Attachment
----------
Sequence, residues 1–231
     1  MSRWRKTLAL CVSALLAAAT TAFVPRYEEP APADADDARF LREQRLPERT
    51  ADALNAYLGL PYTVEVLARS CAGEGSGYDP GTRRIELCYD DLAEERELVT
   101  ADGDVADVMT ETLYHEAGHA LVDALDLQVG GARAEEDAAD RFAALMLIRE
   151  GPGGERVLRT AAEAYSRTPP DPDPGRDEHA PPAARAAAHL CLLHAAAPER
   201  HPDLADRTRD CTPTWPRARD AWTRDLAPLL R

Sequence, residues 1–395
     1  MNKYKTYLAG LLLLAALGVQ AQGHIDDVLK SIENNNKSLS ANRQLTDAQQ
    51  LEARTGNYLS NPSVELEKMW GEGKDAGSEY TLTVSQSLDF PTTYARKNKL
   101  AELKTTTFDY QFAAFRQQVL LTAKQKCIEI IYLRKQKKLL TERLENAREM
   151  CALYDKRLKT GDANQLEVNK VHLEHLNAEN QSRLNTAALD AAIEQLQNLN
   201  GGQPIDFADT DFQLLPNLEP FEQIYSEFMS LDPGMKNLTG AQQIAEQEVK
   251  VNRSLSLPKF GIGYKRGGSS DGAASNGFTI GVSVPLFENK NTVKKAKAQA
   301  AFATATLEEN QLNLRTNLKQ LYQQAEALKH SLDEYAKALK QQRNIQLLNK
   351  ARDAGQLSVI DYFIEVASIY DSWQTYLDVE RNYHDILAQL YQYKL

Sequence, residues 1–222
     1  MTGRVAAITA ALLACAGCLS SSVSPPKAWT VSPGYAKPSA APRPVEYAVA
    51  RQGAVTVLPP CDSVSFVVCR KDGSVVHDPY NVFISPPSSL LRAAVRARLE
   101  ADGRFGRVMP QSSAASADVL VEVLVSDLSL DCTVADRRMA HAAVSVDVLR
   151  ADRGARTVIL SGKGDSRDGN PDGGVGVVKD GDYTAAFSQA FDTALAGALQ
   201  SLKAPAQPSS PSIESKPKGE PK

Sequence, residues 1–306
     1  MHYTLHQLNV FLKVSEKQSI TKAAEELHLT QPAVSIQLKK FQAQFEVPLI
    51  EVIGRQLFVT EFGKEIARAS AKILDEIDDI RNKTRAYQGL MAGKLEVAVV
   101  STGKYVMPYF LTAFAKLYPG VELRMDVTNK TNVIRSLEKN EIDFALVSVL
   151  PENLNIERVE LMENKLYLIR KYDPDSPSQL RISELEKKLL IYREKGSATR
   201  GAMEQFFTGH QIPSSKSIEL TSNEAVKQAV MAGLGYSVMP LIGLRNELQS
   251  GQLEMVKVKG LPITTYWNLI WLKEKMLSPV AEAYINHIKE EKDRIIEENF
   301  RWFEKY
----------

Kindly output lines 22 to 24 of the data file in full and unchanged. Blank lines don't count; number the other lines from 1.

Sequence, residues 1–306
     1  MHYTLHQLNV FLKVSEKQSI TKAAEELHLT QPAVSIQLKK FQAQFEVPLI
    51  EVIGRQLFVT EFGKEIARAS AKILDEIDDI RNKTRAYQGL MAGKLEVAVV